One battle lost, but the war for democratic planning continues

Demonstrating at the Knesset against Kahlon’s move [Photo: Dov Greenblat]

Another chapter of Israel's pressing housing issue has continued to unfold. The fight by The Society for the Protection of Nature in Israel, and a coalition of organizations for the public’s interest continues as we balance development needs with legitimate concerns about the planning process as proposed.  In July, Minister of Finance Moshe Kahlon received a major green light for his dramatic power grab while implementing a ‘quick fix’ attitude to the highly complex matter of solving Israel's chronic housing shortage. 


“The Planning System at a Crossroads”

A special conference addressing this burning issue titled “The changes in the planning system – what does the future hold?” took place in Tel Aviv on 8th July, and so many attended it was standing room only at the Z.O.A. House. The conference was initiated by SPNI, the Ben-Gurion University, the Hebrew University, the Technion – Israel Institute of Technology, Urban Planners Forum and, the Forum for Democratic Planning.

The speakers included Dr. Shuki Amrani, Director-General of the Ministry of Interior; Ophir Pines, former Interior Minister; architect Edna Lerman, chairperson of the Israel Planners Association; and various academics

According to Ophir Pines, “the Ministry of Interior has turned into a crippled, pathetic and weak office; it breaks my heart. The notion that moving the Planning Administration under the Finance Ministry will rescue Israel is complete populism.”


 “The planning system is currently at a crossroads," opined Shuki Amrani, "requiring steps that will ensure necessary checks and balances are in place, so the public interests are being served. Planning is not just drafts but a whole world of consequences affecting the entire population.”   

Ophir Pines at the conference. Photo: Dov Greenblat

“The Interior Ministry is gutted”

Following the March 2015 elections, Minister of Finance Moshe Kahlon sought a serious structural and procedural changing in Israel's planning processes, demanding the government's Planning Administration and Israel Land Authority will be moved from the Interior Ministry to Finance, giving him the power to appoint new heads of the National Planning Council and the regional planning councils, replacing the Interior Ministry regional managers who traditionally filled this position.

On 13th July the Knesset confirmed Kahlon’s demand, as 51 Knesset members supported the shift while 45 members opposed it. SPNI campaigned strongly against this move, calling Knesset members to object and halt the progress of the Finance Ministry's narrow agenda, which not only disregards national master plans but undermines the professional and democratic values of the planning process, leaving it susceptible to private financial interests.

Following the vote, SPNI warned that fast-track solutions created as a response to the housing crisis might entail heavy toll down the road, such as further deterioration affecting already underprivileged population, damage to open spaces and nature conservation areas, and neighborhoods that fail to provide residents with sufficient quality of life.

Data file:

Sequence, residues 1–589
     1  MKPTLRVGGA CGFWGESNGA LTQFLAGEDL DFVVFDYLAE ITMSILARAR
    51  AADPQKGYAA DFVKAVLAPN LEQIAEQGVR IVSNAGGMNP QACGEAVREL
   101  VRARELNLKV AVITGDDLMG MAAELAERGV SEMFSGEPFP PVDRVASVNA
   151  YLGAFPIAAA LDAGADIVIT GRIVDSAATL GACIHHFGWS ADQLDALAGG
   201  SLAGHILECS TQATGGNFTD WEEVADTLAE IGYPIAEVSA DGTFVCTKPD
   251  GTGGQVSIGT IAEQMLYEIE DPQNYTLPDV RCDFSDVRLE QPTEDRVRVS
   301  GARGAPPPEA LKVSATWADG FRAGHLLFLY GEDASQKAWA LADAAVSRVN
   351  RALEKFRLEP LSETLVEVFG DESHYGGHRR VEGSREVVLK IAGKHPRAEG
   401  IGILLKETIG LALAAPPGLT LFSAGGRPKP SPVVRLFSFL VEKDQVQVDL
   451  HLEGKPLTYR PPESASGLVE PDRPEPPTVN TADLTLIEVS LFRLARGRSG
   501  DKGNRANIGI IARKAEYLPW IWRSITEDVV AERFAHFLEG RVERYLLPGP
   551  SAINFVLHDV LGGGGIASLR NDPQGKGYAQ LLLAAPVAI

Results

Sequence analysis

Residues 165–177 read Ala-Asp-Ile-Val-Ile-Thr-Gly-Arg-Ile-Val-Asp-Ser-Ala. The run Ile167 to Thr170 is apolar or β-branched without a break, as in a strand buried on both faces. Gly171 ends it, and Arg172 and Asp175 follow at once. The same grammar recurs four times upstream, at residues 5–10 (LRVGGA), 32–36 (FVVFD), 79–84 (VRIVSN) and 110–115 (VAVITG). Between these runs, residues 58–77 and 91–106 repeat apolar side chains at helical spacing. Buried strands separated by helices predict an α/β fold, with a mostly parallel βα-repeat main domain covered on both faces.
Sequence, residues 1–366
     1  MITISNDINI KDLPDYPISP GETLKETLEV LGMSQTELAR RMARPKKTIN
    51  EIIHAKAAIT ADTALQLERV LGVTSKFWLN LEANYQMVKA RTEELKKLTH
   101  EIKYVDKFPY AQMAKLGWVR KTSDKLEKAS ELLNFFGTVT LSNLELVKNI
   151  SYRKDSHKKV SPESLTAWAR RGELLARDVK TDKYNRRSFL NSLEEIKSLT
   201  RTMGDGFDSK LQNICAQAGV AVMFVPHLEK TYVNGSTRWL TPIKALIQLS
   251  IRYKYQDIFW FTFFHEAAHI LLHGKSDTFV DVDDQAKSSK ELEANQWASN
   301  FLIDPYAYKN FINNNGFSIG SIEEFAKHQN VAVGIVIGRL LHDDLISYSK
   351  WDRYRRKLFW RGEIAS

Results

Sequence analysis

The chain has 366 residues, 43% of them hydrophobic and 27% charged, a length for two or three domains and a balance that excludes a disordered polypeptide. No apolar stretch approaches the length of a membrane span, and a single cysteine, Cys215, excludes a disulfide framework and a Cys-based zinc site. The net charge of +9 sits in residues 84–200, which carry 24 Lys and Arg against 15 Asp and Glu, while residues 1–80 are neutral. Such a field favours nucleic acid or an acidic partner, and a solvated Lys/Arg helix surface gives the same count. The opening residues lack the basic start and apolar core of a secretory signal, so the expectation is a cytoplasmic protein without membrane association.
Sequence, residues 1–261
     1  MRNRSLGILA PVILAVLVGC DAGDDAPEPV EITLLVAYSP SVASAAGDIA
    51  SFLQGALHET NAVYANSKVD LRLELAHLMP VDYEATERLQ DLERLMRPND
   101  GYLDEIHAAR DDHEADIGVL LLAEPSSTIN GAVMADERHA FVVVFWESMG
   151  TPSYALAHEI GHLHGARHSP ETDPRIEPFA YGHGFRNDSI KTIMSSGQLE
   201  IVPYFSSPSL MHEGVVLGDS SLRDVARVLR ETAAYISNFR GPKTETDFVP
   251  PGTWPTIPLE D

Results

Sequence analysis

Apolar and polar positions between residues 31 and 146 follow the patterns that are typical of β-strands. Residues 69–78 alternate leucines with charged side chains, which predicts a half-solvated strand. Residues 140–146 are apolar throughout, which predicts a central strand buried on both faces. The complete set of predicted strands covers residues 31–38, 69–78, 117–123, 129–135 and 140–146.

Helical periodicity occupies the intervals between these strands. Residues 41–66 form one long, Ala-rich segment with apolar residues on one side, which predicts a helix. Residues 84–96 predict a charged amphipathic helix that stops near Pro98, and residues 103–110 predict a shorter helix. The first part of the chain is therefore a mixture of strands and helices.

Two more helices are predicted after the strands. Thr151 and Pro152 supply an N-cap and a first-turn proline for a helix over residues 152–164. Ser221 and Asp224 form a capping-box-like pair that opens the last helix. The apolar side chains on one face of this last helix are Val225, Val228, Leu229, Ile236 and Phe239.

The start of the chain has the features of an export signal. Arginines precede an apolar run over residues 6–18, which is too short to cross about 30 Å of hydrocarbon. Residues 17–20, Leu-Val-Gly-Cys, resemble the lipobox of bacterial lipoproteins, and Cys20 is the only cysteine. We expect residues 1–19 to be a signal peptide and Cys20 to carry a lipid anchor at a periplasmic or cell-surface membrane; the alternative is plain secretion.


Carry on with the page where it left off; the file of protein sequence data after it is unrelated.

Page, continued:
“Anti-Democratic Changes”

SPNI’s head of planning Itamar Ben-David insisted that “this is not just a quality of life issue; the changes endorsed by Finance Minister Moshe Kahlon are anti-democratic. Centralizing things can ease the decision making process but can also lead to corruption, create links between capitalists and the government - resulting in the public and local authorities losing all trust in the government.”

In June SPNI established the Forum for Democratic Planning that urged the cabinet to keep the planning system independent and professional. Over 20 different organizations joined SPNI’s initiative. This wide support is based on a shared concern for the public’s health and wellbeing, and obviously considerable concerns for the environment.

Some of the planners and architects that joined the forum serve as contractors under governmental projects, but felt professionally obligated to voice an alternative to Kahlon’s plan.

The forum’s experts, highly knowledgeable of the housing shortage in Israel, drafted an alternative plan that responds to the dire need for adequate housing that will also provide residents with convenient access to education, business and employment centers.


Ben-David added that a thorough report conducted in 2014 clearly concluded there are hundreds of thousands of housing units in different stages of approval by the Housing Administration that are being overlooked, including 140,000 units in the in-demand Tel Aviv and Central regions which have already been approved.

Ben-David explained these existing plans are not being executed, despite their definite benefit to the public, since they spread over many small plans of few hundred units each, in dense urban areas and therefore are less appealing to developers and politicians aiming to gain a substantial profit along with credit for relieving the housing crisis.

SPNI vigorously supports the construction of new apartments in order to increase the supply within existing local, regional and national master plans. We especially support building under National Masterplan 35, which sets out plans for the spatial development of Israel until 2020.